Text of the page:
Cash flow is a critical factor to business success. Too little revenue coming in or too much going out will cause any organisation struggle to stay afloat.

For those who operate a small business in Australia, future proofing your cash flow is a crucial consideration. Without this forethought, it is likely that your organisation could become one of the 51 per cent of businesses that cease trading within the first four years of operations. A recent report from Dun & Bradstreet (D&B) suggests that year-on-year business closures have increased by 9.6 per cent, compared to an 8 per cent increase in total business start-ups.

To ensure your small business is one of the 49 per cent of start-ups that continue operating beyond that four year hurdle, act now to implement cash flow management forecasting strategies. Anticipating challenges before they become major problems is a simple and effective method for improving your business’s chances at long-term success.

Here are four key steps you should take to make the most of revenue forecasting:

1. Know the market

One of the most significant influencers of small business cash flow is the performance of the market as a whole. If your industry is facing significant corporate, consumer or legislative challenges, then it is reasonably assured that your business will also be affected to some degree.

You can potentially improve your ability to forecast and adapt to changing markets by keeping an eye on business sentiment surveys and financial reports such as the D&B, Roy Morgan, and NAB business expectations surveys. By monitoring the levels of optimism regarding the future of your market, you can gain valuable insights into how others are responding to challenges, their predictions on influencing future growth, and incorporate informed strategic decisions into your own planning.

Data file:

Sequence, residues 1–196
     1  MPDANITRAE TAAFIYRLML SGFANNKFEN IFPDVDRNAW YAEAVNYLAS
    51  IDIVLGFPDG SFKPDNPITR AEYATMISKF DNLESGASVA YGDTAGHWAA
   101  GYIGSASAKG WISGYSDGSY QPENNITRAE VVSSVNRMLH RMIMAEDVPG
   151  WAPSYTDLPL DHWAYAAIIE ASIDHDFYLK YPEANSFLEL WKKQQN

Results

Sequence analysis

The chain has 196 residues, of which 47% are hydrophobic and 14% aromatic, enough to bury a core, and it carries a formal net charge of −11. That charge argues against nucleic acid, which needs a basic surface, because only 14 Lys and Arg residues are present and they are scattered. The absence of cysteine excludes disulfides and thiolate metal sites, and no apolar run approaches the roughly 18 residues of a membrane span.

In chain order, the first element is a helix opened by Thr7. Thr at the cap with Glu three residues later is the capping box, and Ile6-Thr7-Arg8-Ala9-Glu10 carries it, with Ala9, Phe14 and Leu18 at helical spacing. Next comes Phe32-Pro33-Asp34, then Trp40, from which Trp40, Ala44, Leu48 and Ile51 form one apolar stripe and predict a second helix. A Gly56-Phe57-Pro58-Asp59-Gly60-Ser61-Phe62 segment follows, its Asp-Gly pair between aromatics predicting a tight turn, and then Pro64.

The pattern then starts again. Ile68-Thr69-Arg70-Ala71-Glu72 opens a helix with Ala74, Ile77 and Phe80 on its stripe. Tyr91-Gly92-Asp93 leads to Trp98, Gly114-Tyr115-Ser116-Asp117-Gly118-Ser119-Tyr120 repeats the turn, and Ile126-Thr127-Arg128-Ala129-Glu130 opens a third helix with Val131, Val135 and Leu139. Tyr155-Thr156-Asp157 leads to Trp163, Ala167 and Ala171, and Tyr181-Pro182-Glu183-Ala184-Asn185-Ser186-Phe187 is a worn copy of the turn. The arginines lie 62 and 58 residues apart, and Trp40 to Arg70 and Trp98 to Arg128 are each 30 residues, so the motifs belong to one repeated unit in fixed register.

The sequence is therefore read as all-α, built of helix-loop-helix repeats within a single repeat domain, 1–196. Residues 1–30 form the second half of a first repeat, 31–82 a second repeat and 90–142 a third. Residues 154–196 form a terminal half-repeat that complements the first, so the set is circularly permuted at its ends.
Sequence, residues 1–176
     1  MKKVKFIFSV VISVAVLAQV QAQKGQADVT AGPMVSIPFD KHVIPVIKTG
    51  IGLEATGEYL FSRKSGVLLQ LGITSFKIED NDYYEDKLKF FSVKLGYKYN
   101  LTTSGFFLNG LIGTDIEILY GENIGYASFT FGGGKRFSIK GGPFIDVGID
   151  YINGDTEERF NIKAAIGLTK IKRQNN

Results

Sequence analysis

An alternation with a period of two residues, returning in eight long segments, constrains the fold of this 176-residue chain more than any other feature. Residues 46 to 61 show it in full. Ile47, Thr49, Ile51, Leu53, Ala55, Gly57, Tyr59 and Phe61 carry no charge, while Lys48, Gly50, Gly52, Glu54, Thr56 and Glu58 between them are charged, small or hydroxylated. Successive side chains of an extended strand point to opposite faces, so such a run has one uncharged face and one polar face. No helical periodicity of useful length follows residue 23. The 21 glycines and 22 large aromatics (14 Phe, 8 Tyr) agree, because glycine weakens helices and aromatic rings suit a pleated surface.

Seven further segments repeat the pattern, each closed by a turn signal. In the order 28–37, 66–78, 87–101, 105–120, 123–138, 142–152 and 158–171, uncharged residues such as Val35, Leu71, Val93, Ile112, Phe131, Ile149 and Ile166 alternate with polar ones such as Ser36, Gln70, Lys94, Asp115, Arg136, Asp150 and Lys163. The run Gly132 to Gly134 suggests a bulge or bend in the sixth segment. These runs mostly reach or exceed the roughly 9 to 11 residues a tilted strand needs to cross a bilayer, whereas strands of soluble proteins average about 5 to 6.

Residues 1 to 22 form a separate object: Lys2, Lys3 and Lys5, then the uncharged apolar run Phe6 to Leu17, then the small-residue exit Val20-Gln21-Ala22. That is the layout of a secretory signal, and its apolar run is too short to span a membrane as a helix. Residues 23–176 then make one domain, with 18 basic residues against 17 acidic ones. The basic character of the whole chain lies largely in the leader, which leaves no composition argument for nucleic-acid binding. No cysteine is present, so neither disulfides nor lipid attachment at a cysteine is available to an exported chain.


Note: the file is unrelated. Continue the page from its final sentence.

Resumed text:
2. Develop a business plan

Often cash flow management is a reflective process – with businesses responding to the revenue they receive rather than determining strategies to sustain their income. Failure to forecast can lead to serious issues when liabilities fall due, or when considering capital purchases.

A business plan should be created that reflects upon the past, present, and future to develop a strategic plan that will lead to long-term benefits. Planning and scheduling projects using a gantt chart will help you assess how long a project should take, determine the resources needed, and plan the order in which you’ll complete tasks. For example, when assessing the viability of purchasing new equipment, you may find that by reflecting upon your past performance and giving consideration to future challenges and market sentiment, it may be better to hold cash reserves to bridge possible revenue shortfalls and instead lease, outsource or otherwise delay purchase.

3. Automation

Automating your invoicing/receivables will certainly help streamline the cash flow process, but it can also help you analyse and predict payment trends.

By utilising cloud accounting software and electronic payment processing, you can more accurately anticipate when money will arrive in your accounts, provide your customers with convenient payment options, automate and even save time reconciling your account transactions. MYOB and Xero provide easy to use and cost-effective options for small businesses.

4. Review

The small business landscape is constantly changing. With so many potential influencers, including legislative and political changes, ever emerging technologies, and variations in consumer demand your business plan can easily become outdated and lose relevance. It is critical that you regularly review your forecasts to ensure they remain accurate and applicable to your business and industry.

Lloyd Priddle
Lloyd has had a very successful career as an accountant, director and author for almost 40 years. Holding post-graduate qualifications in Business, Lloyd has specialised in Business Development, and worked with the Queensland Government and local councils on numerous occasions through association with AusIndustry and the SBAS Natural Disaster Assistance Program. He is also board member of a number of commercial and not-for-profit entities.